The British government has published a paper stating there should be no border posts or immigration checks between Ireland and Northern Ireland after Brexit. Disruption of trade should also be kept to a bare minimum. Perhaps Britain has something to learn from the Norway – Sweden border?
Swedish officials in EU have warned the British government of long border queues, diesel laundering and smuggled goods when being dragged into the Brexit debate. Norway has the closest possible trading relationship with EU without actually being a part of the bloc. There were 229,286 checks on crossing vehicles in 2016.
Sharing a border of 1,640 km, with close to 80 crossings between Norway and Sweden demonstrates the challenges Northern Ireland and Ireland may face in the future. U. K.’s vision of a frictionless Northern Irish border will be difficult to achieve. One EU politician even described it as ‘fantasy’.
Northern Ireland exported more than €3 billion worth of goods to Ireland in 2016 and many businesses have complex supply chains.
Border force officials on both sides of the Sweden-Norway border demonstrate their concerns when surveying battered cars and vans driven by smugglers of alcohol, cigarettes and drugs, caught by the customs. Norway has chosen to impose high tariffs in such goods.
However, with Norwegian-Swedish trade links worth €18.6 billion annually, there is a huge economic and political interest in keeping trade and traffic flowing between the two countries.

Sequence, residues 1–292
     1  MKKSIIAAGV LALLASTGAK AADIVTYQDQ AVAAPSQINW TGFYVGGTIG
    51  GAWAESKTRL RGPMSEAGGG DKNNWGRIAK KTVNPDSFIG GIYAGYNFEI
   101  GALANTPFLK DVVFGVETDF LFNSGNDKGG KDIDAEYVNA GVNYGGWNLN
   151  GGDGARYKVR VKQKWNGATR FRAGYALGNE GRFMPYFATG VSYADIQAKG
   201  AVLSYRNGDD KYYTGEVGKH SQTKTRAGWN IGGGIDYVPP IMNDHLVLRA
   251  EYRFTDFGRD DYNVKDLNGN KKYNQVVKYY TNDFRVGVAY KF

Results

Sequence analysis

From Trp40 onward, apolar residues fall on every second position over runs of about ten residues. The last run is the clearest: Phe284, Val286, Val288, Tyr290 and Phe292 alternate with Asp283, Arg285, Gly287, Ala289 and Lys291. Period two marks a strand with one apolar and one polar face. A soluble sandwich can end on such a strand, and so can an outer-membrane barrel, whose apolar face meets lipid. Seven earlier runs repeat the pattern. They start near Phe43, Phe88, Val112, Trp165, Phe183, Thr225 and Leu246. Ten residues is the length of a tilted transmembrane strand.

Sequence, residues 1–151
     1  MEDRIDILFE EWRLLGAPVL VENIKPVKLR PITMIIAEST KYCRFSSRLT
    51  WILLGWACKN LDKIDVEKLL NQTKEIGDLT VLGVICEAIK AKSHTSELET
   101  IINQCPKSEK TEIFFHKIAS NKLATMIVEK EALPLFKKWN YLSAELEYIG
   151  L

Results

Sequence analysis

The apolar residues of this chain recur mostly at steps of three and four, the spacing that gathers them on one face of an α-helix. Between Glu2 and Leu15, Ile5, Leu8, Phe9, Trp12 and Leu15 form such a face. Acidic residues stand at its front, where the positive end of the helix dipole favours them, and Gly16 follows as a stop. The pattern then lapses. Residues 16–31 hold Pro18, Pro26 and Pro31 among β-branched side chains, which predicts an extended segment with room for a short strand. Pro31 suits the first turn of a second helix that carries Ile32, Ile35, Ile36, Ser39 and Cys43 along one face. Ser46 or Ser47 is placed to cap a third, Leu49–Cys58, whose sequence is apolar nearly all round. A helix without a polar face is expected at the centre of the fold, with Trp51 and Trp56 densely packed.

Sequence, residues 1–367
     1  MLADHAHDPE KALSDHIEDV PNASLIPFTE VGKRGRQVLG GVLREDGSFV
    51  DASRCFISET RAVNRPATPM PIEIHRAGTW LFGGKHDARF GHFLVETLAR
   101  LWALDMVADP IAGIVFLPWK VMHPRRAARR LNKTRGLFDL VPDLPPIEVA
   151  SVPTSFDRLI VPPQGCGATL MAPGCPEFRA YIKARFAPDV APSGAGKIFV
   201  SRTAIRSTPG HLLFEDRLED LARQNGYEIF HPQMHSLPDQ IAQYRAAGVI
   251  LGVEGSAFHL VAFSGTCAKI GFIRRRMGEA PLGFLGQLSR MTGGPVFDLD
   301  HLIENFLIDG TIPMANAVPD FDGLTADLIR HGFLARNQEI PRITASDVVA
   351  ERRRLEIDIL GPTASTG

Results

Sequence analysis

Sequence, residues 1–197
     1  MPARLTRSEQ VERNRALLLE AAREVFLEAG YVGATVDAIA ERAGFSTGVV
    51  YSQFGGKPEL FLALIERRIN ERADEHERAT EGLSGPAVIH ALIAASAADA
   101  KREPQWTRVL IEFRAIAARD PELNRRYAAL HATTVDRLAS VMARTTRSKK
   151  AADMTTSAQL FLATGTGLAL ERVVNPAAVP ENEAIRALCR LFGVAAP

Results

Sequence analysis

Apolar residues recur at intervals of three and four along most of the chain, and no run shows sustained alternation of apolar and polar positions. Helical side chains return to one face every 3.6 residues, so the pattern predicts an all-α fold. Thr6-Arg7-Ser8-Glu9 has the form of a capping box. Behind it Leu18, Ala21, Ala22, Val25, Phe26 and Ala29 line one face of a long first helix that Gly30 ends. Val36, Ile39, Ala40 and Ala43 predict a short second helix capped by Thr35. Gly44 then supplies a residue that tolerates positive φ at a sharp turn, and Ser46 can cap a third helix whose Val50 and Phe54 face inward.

Within the EU, citizens can load up as much alcohol as their vehicles can safely carry and legally drive it over internal borders, as long as they can credibly claim it is for private consumption. Not so in Norway. Even if Norwegians and Swedes have enjoyed open-border travel since before the EU came into existence, Norway, not an EU member, has restrictions on import of cigarettes and alcohol.
Streamlined border checks are now possible through technological advances. So called automatic number plate recognition (ANPR) scanners are used in both stationary form and on Norwegian police vehicles. However, sometimes at peak-times there may be queues of a couple of hours at on-site border checks even with technical equipment.
Norwegian customs seized 47,000 liters of spirits and 322,000 liters of beer in the first half of 2017.
The two Scandinavian neighbors tightened travel document checks after the large inflow of migrants into Europe in 2015. Now, after the number of arrivals subsided, passport checks are rare.
While Sweden joined EU in 1995, Norway chose not to join after a referendum in 1994. Doing so would cost the country control over its productive fishing grounds, was one of the reasons. Sweden and Norway were united under one head of state until 1905.
There are reasons to believe that the EU’s outer border running between neighbors with close ties will soon be echoed on the island of Ireland, where U.K.-governed Northern Ireland and the Republic of Ireland meet.
However, Britain has said it does not favor electronic surveillance on its border with Ireland. But questions are now being asked about what form the border should take, and what the various options would mean for business, political security and smuggling. Ireland is keen to avoid any hard border with Northern Ireland.
Despite flattering remarks from Belfast, officials in Sweden and Norway are wary about being dragged into the Brexit debate, especially when the U. K. last August presented a paper on the issue stating it wanted not only to avoid border checks, but also to rule out any border infrastructure at all — for fear it would become a target for dissident republicans.
One lesson from Norway is, however, that even with the Scandinavian country’s close ties to the bloc, border checks are necessary.
Can Brexit Britain Learn Something From the Sweden – Norway Border? written by Tor Kjolberg